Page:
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What's In A Name?

Taste Food & Wine Puts Flavor Ahead Of Convention


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In another time and place, Taste Food & Wine would be hailed as a welcome addition to any street, let alone Lee Road, where upscale joints are outnumbered by pubs four to one. The restaurant possesses considerable talent in the kitchen, service is at a level commensurate with a more seasoned establishment, and the space is sharper than half the bistros in town.

But what diners seem to crave most right now has less to do with skill, sadly, and more to do with perceived value. While far from extravagant, entrées here hover in the $20 range, and those prices accompany portions that likely will leave some diners pining for seconds. Even steeper proportionally are the starters, which barely squeak in under the $10 mark. Personally, I feel the entrées are worth every penny. In the appetizer department, however, the quid pro quo might be slanted in favor of the house.

Taste lives in the renovated home of the Wine Room, a lovely place that limped along for what seemed like forever. An expanded footprint (Taste absorbed the slim spot next door) affords room for a bar and lounge area plus a separate dining room. At the rear of that dining room is an open kitchen with adjoining chef's table - a nice feature. Whereas the Wine Room was all dark wood and flickering candlelight, Taste is glinting granite and pale butcher block. The space is clean, fresh and contemporary. In fact, it could use some warming up.

What could really use some warming up are the appetizers; every starter save for the soup is a cold presentation. Chef Anthony Vicente, a recent export from France, is a shrewd practitioner. He understands that cool foods often possess cleaner, more intense flavors than piping-hot ones. And judging by the taste, execution and presentation of the ones I tried, he is more than capable of pulling it off, even in the dead of winter. It just isn't prudent to do so.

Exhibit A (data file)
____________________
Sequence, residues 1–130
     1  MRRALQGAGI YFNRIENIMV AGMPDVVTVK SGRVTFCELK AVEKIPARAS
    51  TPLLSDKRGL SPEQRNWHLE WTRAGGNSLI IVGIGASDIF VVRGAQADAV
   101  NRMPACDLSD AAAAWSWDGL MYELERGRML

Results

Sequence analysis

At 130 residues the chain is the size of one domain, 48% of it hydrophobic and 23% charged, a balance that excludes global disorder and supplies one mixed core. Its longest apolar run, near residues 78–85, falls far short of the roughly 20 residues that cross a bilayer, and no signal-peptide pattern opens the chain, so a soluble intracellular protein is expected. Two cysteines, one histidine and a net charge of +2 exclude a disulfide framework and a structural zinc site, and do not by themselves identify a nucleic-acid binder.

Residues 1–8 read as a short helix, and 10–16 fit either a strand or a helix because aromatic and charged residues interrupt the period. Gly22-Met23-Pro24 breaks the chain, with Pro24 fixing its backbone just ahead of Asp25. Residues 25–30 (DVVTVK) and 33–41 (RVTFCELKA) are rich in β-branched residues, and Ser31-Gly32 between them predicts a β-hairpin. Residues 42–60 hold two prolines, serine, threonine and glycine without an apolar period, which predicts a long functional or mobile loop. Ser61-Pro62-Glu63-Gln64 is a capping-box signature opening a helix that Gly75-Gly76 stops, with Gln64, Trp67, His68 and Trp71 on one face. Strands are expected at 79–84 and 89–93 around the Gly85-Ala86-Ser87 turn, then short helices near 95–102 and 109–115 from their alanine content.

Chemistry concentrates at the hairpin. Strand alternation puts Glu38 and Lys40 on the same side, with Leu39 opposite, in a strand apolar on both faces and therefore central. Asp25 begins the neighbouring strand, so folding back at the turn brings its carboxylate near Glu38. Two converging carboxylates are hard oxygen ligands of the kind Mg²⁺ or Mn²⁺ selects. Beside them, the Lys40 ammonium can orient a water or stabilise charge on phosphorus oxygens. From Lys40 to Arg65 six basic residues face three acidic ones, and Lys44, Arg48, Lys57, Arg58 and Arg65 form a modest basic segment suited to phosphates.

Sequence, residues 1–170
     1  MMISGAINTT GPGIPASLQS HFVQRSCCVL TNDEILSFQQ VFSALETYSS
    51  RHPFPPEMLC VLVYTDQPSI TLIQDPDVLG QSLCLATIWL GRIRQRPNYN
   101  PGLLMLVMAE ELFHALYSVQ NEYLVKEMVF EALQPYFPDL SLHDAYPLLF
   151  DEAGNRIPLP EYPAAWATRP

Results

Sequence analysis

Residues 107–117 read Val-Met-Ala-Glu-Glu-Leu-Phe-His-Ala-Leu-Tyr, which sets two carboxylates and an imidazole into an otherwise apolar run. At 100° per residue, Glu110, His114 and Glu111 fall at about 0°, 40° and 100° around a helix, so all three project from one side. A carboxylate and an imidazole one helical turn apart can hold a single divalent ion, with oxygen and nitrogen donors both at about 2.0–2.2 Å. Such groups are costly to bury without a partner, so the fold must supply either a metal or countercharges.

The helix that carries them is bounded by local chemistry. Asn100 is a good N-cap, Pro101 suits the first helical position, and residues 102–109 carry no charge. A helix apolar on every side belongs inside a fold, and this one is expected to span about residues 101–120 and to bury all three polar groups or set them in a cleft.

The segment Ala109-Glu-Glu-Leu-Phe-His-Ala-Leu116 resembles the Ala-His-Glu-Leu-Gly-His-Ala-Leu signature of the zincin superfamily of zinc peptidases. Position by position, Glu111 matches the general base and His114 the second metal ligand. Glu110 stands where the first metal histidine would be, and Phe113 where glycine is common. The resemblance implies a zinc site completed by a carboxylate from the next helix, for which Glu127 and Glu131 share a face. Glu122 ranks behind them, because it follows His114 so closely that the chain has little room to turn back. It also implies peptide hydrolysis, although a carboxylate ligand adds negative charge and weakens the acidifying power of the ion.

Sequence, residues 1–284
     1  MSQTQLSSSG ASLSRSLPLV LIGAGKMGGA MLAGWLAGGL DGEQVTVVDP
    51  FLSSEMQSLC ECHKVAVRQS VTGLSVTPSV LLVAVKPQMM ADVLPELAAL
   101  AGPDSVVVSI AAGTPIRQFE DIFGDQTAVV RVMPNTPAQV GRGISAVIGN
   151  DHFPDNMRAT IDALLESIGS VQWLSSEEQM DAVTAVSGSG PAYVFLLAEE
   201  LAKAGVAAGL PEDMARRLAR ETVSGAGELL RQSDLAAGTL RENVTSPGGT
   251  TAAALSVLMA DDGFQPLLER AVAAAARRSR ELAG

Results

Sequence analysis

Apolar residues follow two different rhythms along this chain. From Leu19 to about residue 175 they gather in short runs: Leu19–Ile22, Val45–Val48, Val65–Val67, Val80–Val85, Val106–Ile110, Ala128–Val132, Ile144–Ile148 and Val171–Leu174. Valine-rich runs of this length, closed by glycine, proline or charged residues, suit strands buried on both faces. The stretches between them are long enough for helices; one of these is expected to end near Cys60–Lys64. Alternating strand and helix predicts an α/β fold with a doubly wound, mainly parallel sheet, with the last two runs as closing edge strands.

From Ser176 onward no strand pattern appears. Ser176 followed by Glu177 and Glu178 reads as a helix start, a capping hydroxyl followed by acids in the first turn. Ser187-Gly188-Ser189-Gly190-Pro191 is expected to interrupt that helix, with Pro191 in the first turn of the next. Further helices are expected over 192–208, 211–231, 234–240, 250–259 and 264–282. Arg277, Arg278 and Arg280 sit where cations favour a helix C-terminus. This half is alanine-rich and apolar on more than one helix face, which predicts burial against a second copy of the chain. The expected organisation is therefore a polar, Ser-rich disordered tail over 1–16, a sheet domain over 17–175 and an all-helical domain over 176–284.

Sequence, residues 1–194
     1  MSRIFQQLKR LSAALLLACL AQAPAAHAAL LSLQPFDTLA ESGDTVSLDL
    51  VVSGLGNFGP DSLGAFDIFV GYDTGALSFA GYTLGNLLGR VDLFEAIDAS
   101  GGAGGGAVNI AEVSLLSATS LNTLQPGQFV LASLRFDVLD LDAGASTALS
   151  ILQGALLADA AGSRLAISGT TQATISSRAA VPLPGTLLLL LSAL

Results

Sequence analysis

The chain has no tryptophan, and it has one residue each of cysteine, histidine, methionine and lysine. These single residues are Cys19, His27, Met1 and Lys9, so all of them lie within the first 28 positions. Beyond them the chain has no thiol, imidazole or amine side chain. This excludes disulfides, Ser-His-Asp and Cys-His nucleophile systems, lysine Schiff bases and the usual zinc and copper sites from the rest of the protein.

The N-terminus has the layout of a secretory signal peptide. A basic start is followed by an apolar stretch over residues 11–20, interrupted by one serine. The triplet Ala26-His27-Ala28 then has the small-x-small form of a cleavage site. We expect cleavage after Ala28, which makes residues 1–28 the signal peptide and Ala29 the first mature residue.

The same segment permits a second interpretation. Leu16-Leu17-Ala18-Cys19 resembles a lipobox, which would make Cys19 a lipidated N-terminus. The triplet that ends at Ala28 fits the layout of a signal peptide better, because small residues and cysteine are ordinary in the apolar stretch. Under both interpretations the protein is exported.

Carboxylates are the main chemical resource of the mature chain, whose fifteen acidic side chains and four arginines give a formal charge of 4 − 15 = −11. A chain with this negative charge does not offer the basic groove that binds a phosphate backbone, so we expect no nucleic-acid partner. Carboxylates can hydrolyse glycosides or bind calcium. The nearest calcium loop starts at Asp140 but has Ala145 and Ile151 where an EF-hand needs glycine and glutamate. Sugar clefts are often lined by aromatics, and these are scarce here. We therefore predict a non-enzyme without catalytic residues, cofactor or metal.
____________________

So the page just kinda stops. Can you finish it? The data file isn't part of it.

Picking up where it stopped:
Taste's Mediterranean-themed menu is admirably concise, a sign that the chef intends to revise it regularly. In addition to six starters, including one soup, there are six entrées. But unlike menus twice this big, there is no shortage of tempting options. In the salmon rillette appetizer ($10), the chef whips up an airy, creamy and seductive fish mousse that is spooned onto crisp toasts. I'd kill for it on a toasted bialy. For the glazed-chicken spring rolls ($9), coriander-scented crepes are wrapped around moist ground chicken, approximating blintzes. Bearing flavors and textures too seldom experienced, they are delightful to eat. These dishes include dressed salads of frisee and dandelion, respectively.

Even dishes that don't sound particularly appealing, given their temperatures, prove winners. In the chef's hands, sautéed squid ($10) tastes remarkably light, tender and delicate. The diminutive rings and tentacles are served cool on a bed of citrus-perfumed Israeli couscous. If only there were more than a few precious bites.

Entrées are at once familiar and original. The chef relies more on technique, ingredients and presentation to wow diners than on unusual compositions. That said, he does usually toss in an unexpected element to keep things interesting. By slicing fat scallops ($18) in half before searing, the chef doubles the amount of the best part: the caramelized bits. Countering the candy-sweet seafood is a bed of creamy leeks that retains just a hit of crispness and tartness. A drizzle of mango puree adds a tropical touch.

In the case of the grilled rack of lamb ($22), the subtle but utterly welcome twist is the accompanying side of cumin mashed carrots. After tasting these, I could easily pass on spuds the rest of my days. Although it took a second try to get the temperature right (and too much time to get there), the lamb was absolutely delicious.

Complicating the whole value thing is the fact that entrées sidestep the traditional veg-and-starch convention for a single "varch," like those buttery leeks or carrot mashers. Diners can tack on a side of potatoes, Jerusalem artichokes or sautéed beets for $4. And (hate to be the bearer of bad news) if you want a bread basket, prepare to shell out an additional $1.50.

The best deal in the house, if you drink wine and indulge in dessert, is the $45 prix fixe menu. Diners are free to select any appetizer, entrée and dessert, as well as any two glasses of wine. Considering Taste's gem-studded wine list and chef Vicente's flair for the pastry arts, the deal is a no-brainer. Anybody who can make red-bell-pepper cheesecake ($9) taste delightful deserves our attention, especially in these bleak times.


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